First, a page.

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The 2021 Sundance Film Festival runs from Jan. 28 - Feb.3, in Park City, Utah

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Sundance Interview with WEIRDO NIGHT Director Mariah Garnett and actress Jibz Cameron aka “Dynasty Handbag”

WEIRDO NIGHT @ Sundance 2021.

 

Director Mariah Garnett and actress Jibz Cameron aka “Dynasty Handbag” interviewed by Emmanuel Itier for filmfestivals.com.

 

When COVID times hit, things were already weird for legendary performance artist Dynasty Handbag. Yes, she did have a regularly scheduled feeding off of the live energy of humans during monthly performances at Zebulon in Los Angeles. But when quarantine emptied the place, she took her show to the next level—performing to nobody. Weirdo Night takes no prisoners as Dynasty Handbag pillages the late-night television profile to give us this gorgeous, delicious derangement.

By Emmanuel Itier:

Q: Tell me about the idea about making this film and the inspiration?

 

Mariah: The movie came from the last 4 years of live shows with Jibz playing “Dynasty Handbag”. It was very popular and always sold out. I had documented the shows from the beginning and when covid shut down everything, including our show, we had to re-invent ourselves and keep the show going. The venue where the show took place started to do live streams of bands.

 

Jibz: We wanted to make a “weirdo night” for the fans and something that looked very good. I had never done such a live performance on zoom other than for a benefit or two. And so, the opportunity came to make a movie instead and it got me very excited. It was very comfortable t go back on that state where I had performed so many shows for so many years. What’s funny is that we didn’t do it to be a film festival. But a programmer from Sundance saw our movie and really wanted to select it. He even waived the entry fee so it was a miracle.

 

Q: How different to do this film versus the live show and the challenges you faced?

 

Mariah: The toughness of making it right was to make people feel it was a live show. But it was tricky since we didn’t have an audience. Usually, the show plays on the energy of the audience, therefore this was quite a challenge to make it work. We also had to work hard on the transitions between the various acts that you see in the film. It was also tricky to address covid visually without dwelling into it and like a live zoom performance would do.

 

Jibz: Yes, I didn’t want to make silly covid related jokes: “What do you think Guys, well, no one is here! Haha!”. We just address the issue of no audience at the beginning and then we go on with the show without insisting heavily about it. What is interesting is that we really had to build it as a film. We even story boarded it to figure out how to make it flow as perfectly as possible.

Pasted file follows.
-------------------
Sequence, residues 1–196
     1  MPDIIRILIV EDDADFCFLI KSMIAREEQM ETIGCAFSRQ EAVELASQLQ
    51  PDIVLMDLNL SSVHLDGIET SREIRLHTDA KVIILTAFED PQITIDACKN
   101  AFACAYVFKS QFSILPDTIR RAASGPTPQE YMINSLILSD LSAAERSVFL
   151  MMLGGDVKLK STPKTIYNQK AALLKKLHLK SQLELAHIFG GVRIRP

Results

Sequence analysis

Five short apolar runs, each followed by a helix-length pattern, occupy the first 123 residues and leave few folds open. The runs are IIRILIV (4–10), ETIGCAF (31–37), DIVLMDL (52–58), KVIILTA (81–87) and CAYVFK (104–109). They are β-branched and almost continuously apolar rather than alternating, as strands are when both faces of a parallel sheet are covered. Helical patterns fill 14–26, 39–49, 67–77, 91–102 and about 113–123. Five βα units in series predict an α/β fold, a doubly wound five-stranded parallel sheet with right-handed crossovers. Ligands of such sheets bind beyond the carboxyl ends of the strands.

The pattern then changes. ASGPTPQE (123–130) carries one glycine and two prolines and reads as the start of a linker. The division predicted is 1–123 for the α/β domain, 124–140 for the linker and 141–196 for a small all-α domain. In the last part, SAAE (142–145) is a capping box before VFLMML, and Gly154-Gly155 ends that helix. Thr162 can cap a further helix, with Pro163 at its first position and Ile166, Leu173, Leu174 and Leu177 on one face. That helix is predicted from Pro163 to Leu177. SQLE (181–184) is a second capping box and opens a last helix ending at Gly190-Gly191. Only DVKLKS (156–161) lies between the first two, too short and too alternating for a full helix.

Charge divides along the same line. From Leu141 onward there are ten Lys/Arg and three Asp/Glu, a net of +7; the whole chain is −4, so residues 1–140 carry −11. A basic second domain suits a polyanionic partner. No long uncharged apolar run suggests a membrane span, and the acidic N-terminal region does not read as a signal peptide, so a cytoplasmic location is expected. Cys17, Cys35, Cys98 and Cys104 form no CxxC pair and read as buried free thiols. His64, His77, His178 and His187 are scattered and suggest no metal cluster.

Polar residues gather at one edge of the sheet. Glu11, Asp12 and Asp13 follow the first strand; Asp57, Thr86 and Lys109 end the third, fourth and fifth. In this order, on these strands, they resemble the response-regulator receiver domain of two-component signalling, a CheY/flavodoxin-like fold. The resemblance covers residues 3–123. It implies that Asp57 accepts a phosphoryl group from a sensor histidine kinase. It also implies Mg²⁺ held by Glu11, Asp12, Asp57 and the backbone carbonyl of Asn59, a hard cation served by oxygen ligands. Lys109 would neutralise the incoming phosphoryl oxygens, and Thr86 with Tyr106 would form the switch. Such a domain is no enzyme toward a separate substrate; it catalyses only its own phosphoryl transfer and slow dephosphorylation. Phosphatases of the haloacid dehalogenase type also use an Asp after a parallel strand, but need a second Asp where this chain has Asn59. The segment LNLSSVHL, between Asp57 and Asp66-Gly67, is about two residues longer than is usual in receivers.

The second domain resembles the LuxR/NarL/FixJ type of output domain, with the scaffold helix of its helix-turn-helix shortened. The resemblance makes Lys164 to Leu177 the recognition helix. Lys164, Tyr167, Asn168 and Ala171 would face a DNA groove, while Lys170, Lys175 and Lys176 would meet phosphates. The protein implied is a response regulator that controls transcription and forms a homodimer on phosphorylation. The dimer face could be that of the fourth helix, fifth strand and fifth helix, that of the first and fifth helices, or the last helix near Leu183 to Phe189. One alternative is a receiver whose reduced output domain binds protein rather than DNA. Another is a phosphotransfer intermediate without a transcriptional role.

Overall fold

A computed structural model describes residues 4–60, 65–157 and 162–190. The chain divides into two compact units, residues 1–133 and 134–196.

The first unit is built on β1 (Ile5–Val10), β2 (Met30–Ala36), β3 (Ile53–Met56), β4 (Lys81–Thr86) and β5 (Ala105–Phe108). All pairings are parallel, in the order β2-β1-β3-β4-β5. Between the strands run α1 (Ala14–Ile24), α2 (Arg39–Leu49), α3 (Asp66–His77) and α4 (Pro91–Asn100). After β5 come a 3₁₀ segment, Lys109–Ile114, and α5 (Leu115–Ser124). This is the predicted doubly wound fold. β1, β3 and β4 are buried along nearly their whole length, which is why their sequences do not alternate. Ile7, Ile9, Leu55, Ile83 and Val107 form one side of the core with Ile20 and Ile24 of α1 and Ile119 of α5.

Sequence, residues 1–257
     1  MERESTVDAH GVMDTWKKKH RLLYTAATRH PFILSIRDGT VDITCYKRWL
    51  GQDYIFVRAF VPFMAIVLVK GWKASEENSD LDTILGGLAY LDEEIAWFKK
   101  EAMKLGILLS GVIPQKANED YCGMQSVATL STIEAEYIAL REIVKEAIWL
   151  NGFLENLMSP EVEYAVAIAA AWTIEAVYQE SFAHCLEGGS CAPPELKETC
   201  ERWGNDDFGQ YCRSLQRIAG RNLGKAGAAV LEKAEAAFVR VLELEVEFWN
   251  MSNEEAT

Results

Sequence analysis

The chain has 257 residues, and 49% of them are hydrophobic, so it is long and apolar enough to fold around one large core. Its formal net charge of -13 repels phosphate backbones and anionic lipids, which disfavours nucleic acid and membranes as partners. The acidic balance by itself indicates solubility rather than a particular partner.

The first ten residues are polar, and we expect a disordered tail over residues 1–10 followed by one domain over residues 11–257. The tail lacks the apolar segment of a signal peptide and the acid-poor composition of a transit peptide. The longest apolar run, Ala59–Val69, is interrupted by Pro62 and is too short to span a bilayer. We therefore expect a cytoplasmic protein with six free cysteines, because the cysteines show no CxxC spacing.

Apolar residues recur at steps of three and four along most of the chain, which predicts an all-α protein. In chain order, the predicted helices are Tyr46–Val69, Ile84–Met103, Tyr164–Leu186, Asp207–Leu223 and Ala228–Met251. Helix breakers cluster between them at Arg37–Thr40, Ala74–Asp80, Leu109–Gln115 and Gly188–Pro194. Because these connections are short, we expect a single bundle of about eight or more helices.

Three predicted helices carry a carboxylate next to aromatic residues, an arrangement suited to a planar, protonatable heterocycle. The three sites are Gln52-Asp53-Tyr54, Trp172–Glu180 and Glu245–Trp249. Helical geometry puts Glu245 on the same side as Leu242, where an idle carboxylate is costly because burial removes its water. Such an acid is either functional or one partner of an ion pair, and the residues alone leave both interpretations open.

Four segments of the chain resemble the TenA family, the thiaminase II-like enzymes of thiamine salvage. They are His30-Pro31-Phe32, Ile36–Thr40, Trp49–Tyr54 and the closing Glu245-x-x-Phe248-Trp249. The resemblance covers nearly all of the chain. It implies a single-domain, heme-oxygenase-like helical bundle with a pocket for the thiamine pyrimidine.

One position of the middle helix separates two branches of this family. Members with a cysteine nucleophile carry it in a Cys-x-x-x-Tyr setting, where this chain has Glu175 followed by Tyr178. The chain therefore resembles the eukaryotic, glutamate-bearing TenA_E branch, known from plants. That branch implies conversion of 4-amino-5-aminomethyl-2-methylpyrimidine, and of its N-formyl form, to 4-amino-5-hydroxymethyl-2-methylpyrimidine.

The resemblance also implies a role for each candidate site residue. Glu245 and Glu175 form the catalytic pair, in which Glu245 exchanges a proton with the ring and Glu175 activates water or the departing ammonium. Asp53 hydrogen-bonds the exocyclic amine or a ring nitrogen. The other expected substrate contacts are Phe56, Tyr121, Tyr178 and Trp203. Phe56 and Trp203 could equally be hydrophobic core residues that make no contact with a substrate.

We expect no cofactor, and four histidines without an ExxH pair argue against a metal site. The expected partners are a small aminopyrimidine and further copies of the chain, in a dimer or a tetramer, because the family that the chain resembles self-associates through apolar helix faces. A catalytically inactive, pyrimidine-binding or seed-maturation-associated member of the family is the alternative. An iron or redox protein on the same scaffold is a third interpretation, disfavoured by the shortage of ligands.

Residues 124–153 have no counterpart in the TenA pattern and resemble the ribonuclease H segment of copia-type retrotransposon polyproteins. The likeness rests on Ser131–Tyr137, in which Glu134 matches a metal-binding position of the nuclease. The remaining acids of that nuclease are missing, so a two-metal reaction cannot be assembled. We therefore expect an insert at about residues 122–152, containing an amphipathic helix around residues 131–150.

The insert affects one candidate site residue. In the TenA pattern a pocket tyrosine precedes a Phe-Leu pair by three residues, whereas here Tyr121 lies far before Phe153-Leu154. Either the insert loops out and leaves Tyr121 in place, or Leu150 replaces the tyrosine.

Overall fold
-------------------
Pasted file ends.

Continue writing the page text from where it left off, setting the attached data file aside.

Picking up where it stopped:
Q: What do you think you’re talking about I this film? What are the themes if any in your movie?

 

Mariah: The movie is really an expression of queer culture. There is still a queer radically underground non-conformist scene. There are fun and weird things happening in our culture and we wanted to show it. It’s important to gather the community around and honor it.

 

Jibz: It’s really about putting out there what is in our heart. To show our passion for life. I feel there is so much joy in our film and I hope it will translate to the audience. But I don’t want to hit your over the head with a particular set super queer or super feminist stuffs. It is but it’s more than that, I hope. I think there is room for the film to be a bunch of different things at the same time. Queerness is about fighting against the binary that is not just the gender and the sex binary but queerness as in “queering things”, making them more, or less of a commodity. Less than a pigeon-holed thing that can be packaged and sold very easily. Not that I don’t want to be packaged and sold! Haha!

 

Q: Do you think the movie transcend its “queerness attitude”. As a straight French bulldog, I truly dig it and therefore there is a sense that we all can have fun with each other no matter who we are and what is our sexual identity, right?

 

Jibz: Yes, absolutely! And you can be many things at once. And we don’t have to explain everything all the time neither. We can do our art the way we choose to do it and let the art speaks for itself. Take it or leave it.

 

Mariah: Yes, and I hope people enjoy our film the way it is without over explaining it or having us explain it. Just enjoy the ride for the fun it is. And we really tried to make it accessible for everyone, whether you’re queer or not.

 

Jibz: ‘Weirdo Night’ is for everybody but not for everyone!

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Ambiance from Park City Sundance film Festival January 19-29, 2012.

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